Login   Sign Up 


A Hard Life

by Chestersmummy 

Posted: 22 June 2017
Word Count: 1003
Summary: For Challenge 645 competition

Font Size

Printable Version
Print Double spaced

A Hard Life

The boy was scowling.   His mouth was sealed into a thin line and his eyes were sullen.  
Julie read the caption under the poster and turned to her husband.
‘Not likely.  Imagine having to deal with a boy like that.’
Greg didn’t answer and Julie glanced at him. 
‘Maybe he’s had a hard life.’   He said at last.
‘Oh, face it Greg.   Some kids are born prison fodder’.
Just then a young mum came swinging along the pavement pushing a gleaming pram.  Julie craned her neck, trying to see the baby, but just caught a glimpse of a snowy mound of blankets edged with pink satin.     
Her heart shrivelled.  How she longed to be that woman pushing her baby along the street; a tiny girl smelling of rose-scented talcum powder.      
Greg’s arm slid around her.
‘You know, we could always adopt, or even foster’.
She froze as if he’d thrown iced water over her. 
‘What and end up with something like that?’  She flung out her arm in the direction of the poster.
Knowing her dam of tears was about to burst, she turned away and was almost running by the time she reached home.   Racing up the stairs she flung herself on the tiny bed, waves of misery rocking her body.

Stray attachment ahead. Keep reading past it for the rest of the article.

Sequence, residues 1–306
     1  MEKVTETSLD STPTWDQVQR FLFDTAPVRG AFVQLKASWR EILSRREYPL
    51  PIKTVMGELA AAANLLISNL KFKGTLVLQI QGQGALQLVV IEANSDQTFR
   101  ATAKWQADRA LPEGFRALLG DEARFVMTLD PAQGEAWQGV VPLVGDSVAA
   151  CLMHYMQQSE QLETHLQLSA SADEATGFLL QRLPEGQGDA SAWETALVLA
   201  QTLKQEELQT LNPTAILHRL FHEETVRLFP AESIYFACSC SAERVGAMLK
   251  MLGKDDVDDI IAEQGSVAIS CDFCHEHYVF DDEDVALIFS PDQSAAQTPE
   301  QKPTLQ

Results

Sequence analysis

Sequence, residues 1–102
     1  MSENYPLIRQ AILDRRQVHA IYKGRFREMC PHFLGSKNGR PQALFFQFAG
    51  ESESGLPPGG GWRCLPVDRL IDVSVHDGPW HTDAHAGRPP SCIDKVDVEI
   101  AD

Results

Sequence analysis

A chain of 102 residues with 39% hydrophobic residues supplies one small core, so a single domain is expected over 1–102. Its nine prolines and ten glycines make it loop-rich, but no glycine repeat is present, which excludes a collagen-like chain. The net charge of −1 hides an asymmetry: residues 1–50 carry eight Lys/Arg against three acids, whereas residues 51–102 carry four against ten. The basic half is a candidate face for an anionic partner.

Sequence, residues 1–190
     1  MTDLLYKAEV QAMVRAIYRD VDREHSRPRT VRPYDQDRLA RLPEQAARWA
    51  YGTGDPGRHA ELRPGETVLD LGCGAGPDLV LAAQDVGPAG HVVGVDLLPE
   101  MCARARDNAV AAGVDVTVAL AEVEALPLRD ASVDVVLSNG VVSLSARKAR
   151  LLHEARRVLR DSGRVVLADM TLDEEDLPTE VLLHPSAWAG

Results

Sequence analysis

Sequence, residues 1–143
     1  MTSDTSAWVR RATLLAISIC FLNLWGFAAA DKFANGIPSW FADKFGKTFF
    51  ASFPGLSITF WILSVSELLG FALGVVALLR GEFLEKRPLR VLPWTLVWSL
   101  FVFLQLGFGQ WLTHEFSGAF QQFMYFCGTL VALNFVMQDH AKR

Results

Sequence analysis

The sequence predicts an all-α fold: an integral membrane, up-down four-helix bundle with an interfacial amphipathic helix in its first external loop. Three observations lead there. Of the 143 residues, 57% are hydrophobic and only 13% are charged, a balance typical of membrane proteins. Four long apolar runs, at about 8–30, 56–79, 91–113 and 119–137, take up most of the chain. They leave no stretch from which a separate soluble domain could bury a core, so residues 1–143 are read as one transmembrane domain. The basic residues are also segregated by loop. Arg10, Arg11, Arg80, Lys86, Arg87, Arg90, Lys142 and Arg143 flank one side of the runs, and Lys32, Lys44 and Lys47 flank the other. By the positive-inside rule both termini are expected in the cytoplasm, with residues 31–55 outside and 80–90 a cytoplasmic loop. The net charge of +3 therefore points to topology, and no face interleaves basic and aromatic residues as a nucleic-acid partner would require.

When she’d fallen pregnant, they’d turned the box room into a nursery but ever since that first crushing disappointment, it had stood empty and now she only went in there once a week to vacuum.   The last time, she’d felt frightened because it wasn’t just that tears were dimming her vision, little by little the room was fading.  Colour was leaching from the walls and the curtains were yellowing. 
* * *
Dumping a pan of cabbage into the colander, she peered through the steam at the clock and her lips tightened.
She’d told Greg dinner would be ready at seven and he was late.  From outside, she could hear the high pipe of childish voices mingling with a bass rumble.  He was playing football with the boys next door.    She banged hard on the kitchen window.
His eyes were sparkling when he eventually made an appearance.
‘Sorry, love’.   He said.
‘They’ve got a father of their own, you know’.  
The light died from Greg’s eyes as he winced.
‘I know, but he works long hours.’
‘That’s not your problem.’
She turned away, hating herself for being jealous of other peoples’ children.  She slammed down the plates and they ate in silence.  In bed, each kept to their own side.  Julie wondered if he felt as miserable as she.   They were drifting apart and she couldn’t seem to do anything about it.